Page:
As foreign affairs secretary from 2002 to his death, Ople supported the Balikatan Military Exercises, which provides for joint "training" operations longer than those allowed by the VFA, and the Mutual Logistics Support Agreement which provides for "temporary" basing arrangements for US troops.

These agreements have been criticized by no less than Rene Jarque, a former army captain who authored the Defense Policy Guideline, and former VFA Commission chair Amado Valdez, for being lopsided in favor of the US.

Ople also was a drumbeater for the "terrorist" tag by the US and the European Union on the Communist Party of the Philippines and its founding chair Jose Ma. Sison and the New People's Army, as well as the near-branding of the Moro Islamic Liberation Front as a "terrorist" group. These severely endangered the peace talks aiming to end the armed conflict between the government and these groups, whose causes are acknowledged by no less than the United Nations--as well as respected leaders like former US Attorney-General Ramsey Clark, Philippine Vice President Teofisto Guingona, Jr., and Obispo Maximo Tomas Millamena of the Iglesia Filipina Independiente--as legitimate. By these Ople showed that in his book, "alliance" with the US was more important than a just peace in our country.

It is impossible to forget Ople's support for the US war on "terror," which has been proven baseless in Afghanistan and Iraq. This war which has claimed countless innocent lives has not yielded any trace of terorrist Osama bin Laden who was supposedly being coddled by Afghanistan, nor has it any weapon of mass destruction to show for all the havoc it has wrought in Iraq. Afghanistan and Iraq are both oil-rich countries whose dictatorial former governments had a falling-out with the US (which initially supported them) over economic policy issues.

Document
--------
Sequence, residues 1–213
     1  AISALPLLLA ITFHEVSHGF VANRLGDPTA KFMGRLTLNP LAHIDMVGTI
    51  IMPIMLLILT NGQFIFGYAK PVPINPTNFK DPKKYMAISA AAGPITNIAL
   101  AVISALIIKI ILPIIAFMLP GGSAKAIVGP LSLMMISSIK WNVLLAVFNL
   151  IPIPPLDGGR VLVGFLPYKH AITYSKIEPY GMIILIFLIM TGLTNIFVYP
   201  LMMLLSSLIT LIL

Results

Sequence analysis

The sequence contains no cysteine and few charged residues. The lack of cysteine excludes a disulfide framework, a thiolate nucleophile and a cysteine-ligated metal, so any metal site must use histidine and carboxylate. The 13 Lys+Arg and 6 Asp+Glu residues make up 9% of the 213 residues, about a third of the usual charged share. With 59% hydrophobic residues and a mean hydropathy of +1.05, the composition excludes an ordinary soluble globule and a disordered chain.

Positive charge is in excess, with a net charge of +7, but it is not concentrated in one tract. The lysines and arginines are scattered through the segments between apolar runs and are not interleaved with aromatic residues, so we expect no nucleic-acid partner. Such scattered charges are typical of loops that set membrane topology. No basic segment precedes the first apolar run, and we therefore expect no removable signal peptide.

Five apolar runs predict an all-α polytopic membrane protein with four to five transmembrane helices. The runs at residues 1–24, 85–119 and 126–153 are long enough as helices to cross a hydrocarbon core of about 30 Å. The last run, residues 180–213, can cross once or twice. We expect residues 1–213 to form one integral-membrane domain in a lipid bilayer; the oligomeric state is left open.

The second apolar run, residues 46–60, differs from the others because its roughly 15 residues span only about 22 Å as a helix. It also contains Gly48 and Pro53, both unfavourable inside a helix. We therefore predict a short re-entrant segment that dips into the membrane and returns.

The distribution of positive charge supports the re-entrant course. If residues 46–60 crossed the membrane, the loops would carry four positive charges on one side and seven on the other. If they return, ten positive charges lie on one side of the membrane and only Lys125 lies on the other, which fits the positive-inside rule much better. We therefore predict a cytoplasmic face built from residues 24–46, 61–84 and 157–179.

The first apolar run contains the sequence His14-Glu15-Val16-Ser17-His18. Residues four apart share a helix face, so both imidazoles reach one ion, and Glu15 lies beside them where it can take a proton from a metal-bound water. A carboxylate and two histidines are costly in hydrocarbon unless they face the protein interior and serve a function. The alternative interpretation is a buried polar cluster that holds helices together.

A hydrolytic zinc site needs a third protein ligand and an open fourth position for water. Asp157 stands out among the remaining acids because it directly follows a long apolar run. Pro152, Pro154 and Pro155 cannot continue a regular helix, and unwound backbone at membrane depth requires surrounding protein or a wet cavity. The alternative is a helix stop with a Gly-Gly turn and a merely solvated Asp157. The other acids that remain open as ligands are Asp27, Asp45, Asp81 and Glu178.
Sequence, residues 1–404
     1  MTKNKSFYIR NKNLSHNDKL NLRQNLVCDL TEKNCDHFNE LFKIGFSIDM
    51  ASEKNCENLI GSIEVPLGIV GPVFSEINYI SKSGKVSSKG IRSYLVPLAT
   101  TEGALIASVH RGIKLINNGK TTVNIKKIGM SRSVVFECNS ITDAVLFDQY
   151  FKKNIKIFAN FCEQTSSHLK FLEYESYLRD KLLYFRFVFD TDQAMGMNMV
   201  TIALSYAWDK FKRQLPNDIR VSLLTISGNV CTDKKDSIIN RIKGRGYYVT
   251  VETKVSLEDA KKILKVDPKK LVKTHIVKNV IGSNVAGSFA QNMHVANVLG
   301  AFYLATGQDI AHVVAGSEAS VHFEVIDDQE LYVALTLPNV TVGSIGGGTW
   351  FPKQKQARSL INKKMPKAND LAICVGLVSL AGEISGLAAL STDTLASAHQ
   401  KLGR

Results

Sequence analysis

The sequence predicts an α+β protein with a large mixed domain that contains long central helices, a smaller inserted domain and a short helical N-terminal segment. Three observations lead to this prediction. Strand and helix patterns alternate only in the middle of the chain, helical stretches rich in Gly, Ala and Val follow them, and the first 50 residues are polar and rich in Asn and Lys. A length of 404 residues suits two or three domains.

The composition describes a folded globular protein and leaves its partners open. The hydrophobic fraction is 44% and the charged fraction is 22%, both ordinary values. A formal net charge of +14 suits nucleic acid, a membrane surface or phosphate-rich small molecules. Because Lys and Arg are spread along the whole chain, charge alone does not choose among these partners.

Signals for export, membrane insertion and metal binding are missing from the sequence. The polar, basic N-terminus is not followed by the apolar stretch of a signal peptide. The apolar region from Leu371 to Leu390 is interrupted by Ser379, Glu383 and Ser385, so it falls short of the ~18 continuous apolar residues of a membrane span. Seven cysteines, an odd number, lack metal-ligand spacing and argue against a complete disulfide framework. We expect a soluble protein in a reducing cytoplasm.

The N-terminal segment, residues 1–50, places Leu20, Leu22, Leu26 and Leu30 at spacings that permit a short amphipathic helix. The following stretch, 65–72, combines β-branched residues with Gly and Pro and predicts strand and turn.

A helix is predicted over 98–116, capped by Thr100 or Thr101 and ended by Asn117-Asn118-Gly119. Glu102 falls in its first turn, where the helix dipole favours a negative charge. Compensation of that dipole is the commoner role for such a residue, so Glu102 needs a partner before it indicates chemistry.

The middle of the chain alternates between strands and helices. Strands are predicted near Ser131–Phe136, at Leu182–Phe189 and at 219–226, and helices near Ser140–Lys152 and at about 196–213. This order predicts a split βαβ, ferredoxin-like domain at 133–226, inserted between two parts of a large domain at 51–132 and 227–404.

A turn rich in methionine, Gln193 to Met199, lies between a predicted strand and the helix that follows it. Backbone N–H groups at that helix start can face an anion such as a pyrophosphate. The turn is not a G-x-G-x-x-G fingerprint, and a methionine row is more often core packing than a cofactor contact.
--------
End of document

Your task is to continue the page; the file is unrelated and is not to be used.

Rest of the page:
While fiercely vouching for US foreign policy interests, Ople was never known to stand up for the welfare of abused Filipino migrants.

As a senator in 1994, Ople supported the General Agreement on Tariffs and Trade, which paved the way for the entry of the Philippines into the World Trade Organization (WTO) and opened up the Philippine economy to "competition" with highly developed countries, in particular the US, without being allowed to develop--which, in the words of Bagong Alyansang Makabayan, Kilusang Magbubukid ng Pilipinas, and Anakpawis chair Rafael Mariano, "is like a boxing bout between Mike Tyson and Manny Pacquiao." Membership in the WTO has taken its toll on the Philippines in terms of the destruction of enterprises unable to withstand unfair competition and the consequent loss of millions of jobs, as well as the continuous increase in foreign debt, since 1994. Also, what used to be a marginal agricultural trade surplus before 1994 has since been transformed into a glaring agricultural trade deficit. Such are the horrors of globalization which the WTO has been promoting that even former President Fidel V. Ramos, who used to be one of its leading proponents, has criticized globalization for failing to live up to its promises--something which Ople never acknowledged to his last breath.

The only consolation is that De Venecia did not rank Ople with the nationalist old guard: Claro M. Recto, Lorenzo Tanada, and Jose W. Diokno.